China-based mining giant Bitmain has been experiencing major changes over the past few months, and now it seems that those changes have finally made their way to the company’s key figures. Reportedly, Bitmain’s two CEOs, Jihan Wu and Zhan Ketuan, will be stepping down from their current roles. Wang Haicho, who currently serves as Bitmain’s project engineering director, will fill the position.
A Change In Personnel
Rumors of Wu’s resignation have been ongoing for some time. In November, it was widely reported that Wu gave up his position as board director due to a reshuffle, although this news later turned out to be inaccurate. Then, at the end of December, Chinese news site Odaily reported that Wu was planning to leave his position as CEO. Now, weeks later, the South China Morning Post is affirming that Wu is indeed stepping down.
Bitmain itself has not confirmed that these changes are occurring, nor has it indicated what the changes will mean for the direction of the company. Wu and Zhan will apparently continue to serve as co-chairs of the company, and they will continue to participate in decision making. However, they will no longer be involved in Bitmain’s daily affairs.
What’s Behind the Change?
The exact cause of the change is also unknown. Wu and Zhan apparently “disagreed on certain issues,” but those particular issues are elusive. It seems likely that public perception of the company plays a role: over the past year, Bitmain has been the subject of countless controversies.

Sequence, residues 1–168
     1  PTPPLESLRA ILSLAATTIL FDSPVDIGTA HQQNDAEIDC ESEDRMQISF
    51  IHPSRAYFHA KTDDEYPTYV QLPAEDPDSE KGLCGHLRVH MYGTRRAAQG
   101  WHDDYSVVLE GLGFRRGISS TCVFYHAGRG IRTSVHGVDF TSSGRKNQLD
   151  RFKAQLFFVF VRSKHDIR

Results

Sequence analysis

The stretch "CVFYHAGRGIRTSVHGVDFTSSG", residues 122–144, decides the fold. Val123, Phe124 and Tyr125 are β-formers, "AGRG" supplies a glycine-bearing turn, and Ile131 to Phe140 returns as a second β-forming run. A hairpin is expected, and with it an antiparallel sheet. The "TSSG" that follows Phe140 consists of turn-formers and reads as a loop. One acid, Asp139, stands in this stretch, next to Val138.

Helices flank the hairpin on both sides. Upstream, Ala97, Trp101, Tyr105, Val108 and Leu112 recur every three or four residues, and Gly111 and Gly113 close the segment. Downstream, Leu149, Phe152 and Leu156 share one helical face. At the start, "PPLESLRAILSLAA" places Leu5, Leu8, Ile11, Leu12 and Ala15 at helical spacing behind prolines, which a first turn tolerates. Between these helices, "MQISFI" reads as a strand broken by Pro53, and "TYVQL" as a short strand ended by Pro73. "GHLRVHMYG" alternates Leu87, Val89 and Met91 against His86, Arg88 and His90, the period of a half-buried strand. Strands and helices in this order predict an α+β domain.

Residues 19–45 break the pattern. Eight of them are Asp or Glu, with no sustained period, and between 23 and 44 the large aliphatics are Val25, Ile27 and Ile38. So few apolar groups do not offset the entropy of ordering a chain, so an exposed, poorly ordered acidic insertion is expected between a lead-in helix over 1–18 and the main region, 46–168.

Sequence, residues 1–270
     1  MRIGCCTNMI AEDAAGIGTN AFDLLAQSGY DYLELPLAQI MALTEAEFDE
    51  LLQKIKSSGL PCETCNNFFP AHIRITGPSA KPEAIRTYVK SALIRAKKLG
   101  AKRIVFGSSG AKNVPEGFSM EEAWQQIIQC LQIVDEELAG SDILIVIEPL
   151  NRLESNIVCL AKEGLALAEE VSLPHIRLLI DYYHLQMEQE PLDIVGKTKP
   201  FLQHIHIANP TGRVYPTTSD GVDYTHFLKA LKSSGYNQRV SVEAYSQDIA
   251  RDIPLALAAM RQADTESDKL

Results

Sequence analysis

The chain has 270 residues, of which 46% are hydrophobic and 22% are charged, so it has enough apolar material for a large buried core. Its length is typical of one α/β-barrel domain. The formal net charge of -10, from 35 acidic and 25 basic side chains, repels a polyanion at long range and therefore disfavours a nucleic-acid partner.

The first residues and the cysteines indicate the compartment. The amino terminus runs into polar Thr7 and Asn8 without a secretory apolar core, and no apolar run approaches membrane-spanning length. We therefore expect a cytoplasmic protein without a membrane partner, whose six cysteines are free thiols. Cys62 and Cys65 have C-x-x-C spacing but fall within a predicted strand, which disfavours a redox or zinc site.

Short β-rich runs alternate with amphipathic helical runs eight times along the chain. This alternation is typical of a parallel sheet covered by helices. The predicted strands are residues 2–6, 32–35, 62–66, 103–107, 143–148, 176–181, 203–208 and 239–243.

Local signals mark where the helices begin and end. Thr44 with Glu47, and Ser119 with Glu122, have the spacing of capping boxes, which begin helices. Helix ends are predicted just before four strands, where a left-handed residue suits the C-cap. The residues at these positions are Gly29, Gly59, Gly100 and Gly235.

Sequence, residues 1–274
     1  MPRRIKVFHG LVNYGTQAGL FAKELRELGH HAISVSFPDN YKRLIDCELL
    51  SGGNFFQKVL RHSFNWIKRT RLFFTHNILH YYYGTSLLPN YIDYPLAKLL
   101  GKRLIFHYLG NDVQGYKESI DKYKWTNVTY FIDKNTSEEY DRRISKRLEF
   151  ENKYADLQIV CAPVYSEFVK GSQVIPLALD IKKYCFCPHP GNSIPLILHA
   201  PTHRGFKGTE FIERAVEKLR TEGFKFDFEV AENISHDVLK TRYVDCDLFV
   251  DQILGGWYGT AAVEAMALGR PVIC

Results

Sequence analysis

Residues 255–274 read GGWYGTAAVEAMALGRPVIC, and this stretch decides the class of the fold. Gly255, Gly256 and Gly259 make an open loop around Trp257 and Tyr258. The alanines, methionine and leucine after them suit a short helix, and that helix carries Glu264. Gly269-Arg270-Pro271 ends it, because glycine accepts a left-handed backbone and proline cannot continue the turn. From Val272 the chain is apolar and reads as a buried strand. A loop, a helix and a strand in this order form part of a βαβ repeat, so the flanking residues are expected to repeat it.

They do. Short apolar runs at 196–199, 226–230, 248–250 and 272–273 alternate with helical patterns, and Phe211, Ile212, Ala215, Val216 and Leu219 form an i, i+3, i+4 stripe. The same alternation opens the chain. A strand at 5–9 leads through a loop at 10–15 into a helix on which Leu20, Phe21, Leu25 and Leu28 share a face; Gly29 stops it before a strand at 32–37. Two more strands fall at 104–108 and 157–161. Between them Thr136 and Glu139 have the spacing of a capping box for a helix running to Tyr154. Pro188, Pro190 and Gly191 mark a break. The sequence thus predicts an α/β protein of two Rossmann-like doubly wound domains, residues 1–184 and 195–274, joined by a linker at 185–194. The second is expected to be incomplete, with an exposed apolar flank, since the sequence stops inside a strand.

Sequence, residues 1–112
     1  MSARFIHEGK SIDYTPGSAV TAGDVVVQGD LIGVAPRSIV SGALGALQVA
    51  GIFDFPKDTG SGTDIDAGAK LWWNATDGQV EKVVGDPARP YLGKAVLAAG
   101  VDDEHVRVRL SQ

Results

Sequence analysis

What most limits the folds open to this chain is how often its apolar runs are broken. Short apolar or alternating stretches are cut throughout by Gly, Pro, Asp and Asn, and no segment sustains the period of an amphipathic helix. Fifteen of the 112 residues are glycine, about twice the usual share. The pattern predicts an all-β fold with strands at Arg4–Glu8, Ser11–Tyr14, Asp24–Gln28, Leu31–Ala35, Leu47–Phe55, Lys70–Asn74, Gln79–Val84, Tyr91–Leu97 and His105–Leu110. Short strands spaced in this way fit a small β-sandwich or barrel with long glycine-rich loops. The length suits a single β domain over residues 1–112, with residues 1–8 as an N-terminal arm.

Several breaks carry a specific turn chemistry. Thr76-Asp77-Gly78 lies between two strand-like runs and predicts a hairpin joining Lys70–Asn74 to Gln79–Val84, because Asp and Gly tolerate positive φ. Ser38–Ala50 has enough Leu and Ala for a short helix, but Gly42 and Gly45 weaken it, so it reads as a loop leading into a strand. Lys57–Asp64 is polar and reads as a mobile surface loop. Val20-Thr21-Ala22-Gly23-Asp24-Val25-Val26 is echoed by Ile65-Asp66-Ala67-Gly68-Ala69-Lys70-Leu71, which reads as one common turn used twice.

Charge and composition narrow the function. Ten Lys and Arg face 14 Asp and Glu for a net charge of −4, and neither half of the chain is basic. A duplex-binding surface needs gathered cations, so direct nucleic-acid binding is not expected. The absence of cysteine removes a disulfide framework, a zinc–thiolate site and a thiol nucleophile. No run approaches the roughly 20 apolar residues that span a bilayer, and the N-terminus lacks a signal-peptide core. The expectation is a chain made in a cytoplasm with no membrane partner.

In particular, many have raised concerns over Bitmain’s questionable cash flow and astounding dominance over mining. More recent events could also be the cause of changeover: of late, Bitmain has made a failed investment in Bitcoin Cash, executed large-scale layoffs, and shut down some of its operation centers. Naturally, many of these controversies have been pinned on Wu, who is the public face of the company.
The Decline of Mining
In any case, it seems that the troubled mining market is taking its toll on Bitmain: the company is significantly worse off than it was in October, when Bitmain was experiencing record-high revenues. Presumably, a new CEO will introduce a new approach for solving these matters, although it is not clear whether Wang Haicho is merely an interim CEO or a new figurehead for the company.
In more general terms, mining is undeniably being phased out by leading coins: Ethereum will soon transition to staking, and EOS never relied on mining to begin with. Although these facts do not directly affect Bitmain, which mainly deals with Bitcoin, the crypto mining market may become much less significant in the not-so-distant future.
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